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Daylight Saving Began as “War Time"

Stewart Jones

Benjamin Franklin once joked in his 1784 essay “An Economical Project for Diminishing the Cost of Light” that candle usage could be economized by changing the time and getting people out of bed earlier. Unfortunately, those in government took this seriously and have attempted to manipulate time for its own control.

History of Time

In fact, government’s attempts at controlling time and the implementation of daylight saving time was started to support war. Daylight saving time (DST) or “Fast Time” as it was first introduced in the United States in 1918 was signed into law by President Woodrow Wilson in order to support World War I. Seven months later it was repealed by the majority of the states. Until President Franklin D. Roosevelt instituted year-round “War Time” in 1942. That’s right, even daylight saving time was instituted and enforced to promote war.

People are less productive when they lose an hour of sleep and are more prone to accidents while they're adjusting.

In 1966 Congress passed the Uniform Time Act establishing uniform times for starting and ending “War Time” or DST. States still had the ability to set their own standards under the 9th and 10th Amendments to the United States Constitution.

In 1974 and 1975, President Richard Nixon signed into law the Emergency Daylight Saving Time Energy Conservation Act and enforced extended periods of daylight saving time in an effort to control energy usage during trade embargos of oil.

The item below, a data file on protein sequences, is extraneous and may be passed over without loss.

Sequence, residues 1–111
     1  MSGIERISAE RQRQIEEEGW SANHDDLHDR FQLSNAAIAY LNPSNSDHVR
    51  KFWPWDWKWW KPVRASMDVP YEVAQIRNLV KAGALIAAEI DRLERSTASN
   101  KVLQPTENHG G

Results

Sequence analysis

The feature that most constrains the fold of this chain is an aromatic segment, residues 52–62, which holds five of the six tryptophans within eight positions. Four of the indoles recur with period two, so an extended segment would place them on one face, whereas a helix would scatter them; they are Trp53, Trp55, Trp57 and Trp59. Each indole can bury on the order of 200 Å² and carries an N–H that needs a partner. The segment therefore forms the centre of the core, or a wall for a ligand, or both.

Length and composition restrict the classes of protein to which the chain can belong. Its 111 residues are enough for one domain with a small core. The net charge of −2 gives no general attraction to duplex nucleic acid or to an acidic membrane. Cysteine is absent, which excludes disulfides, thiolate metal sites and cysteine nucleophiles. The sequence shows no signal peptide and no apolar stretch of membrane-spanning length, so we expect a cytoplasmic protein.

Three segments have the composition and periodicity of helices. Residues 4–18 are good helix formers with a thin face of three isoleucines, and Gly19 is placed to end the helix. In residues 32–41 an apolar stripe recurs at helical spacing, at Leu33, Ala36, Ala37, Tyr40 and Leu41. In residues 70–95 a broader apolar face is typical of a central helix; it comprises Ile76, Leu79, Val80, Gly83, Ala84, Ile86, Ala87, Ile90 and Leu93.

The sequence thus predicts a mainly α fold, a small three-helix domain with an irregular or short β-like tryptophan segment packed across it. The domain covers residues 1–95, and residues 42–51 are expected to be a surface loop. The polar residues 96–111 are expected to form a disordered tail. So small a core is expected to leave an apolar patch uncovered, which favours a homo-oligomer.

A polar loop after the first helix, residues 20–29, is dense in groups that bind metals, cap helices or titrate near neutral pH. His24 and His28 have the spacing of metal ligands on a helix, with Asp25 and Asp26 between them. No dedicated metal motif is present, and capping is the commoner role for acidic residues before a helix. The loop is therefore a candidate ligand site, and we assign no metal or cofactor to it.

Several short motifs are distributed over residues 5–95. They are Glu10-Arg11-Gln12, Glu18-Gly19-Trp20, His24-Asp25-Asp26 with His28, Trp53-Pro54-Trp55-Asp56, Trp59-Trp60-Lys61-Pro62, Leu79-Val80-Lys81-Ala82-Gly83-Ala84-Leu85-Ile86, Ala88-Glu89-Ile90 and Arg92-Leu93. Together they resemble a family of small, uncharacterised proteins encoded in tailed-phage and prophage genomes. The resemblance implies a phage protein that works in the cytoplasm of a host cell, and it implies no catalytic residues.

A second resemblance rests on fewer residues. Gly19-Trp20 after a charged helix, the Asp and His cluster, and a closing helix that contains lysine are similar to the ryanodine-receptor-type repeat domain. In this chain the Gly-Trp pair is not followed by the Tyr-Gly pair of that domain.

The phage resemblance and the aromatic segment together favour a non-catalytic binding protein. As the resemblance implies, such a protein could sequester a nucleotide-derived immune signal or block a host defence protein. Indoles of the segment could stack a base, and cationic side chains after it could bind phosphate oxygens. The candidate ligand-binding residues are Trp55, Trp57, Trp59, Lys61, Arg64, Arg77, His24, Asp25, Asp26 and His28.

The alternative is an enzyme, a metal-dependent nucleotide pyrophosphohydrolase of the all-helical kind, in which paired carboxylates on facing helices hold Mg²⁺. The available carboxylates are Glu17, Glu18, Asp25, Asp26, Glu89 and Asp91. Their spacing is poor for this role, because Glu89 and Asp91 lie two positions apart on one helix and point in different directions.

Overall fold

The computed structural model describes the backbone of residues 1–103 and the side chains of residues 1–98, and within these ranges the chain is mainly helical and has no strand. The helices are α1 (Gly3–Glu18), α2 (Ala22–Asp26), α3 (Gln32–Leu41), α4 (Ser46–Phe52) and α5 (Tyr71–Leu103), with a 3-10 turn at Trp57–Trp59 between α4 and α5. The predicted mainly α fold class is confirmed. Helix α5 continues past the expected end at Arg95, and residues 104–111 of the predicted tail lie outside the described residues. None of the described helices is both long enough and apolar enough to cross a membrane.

A total of 70 countries take part in changing clocks twice a year, recognizing some form of daylight saving time. It’s total madness.

Questionable Benefits

While the federal government has made the argument that energy savings stem from the time change, independent studies have measured a loss in productivity. People are less productive when they lose an hour of sleep and are therefore more prone to accidents while their bodies are adjusting.

Independent studies have found that sleep efficiency was reduced by 10%, car accidents increased by 17%, heart attacks increased by 25% and the change in time resulted in $434 million in lost production and medical expenses within the first week of the time change.

There are also parallels between government’s control and manipulation of time and currency. Regardless of the government's manipulation, changing the time of day does not mean that there's more time in a day, nor does printing more dollars mean an increase in buying power. In fact, government intervention in time and currency creates more problems than anything. It’s time that we abolish Daylight Saving Time.

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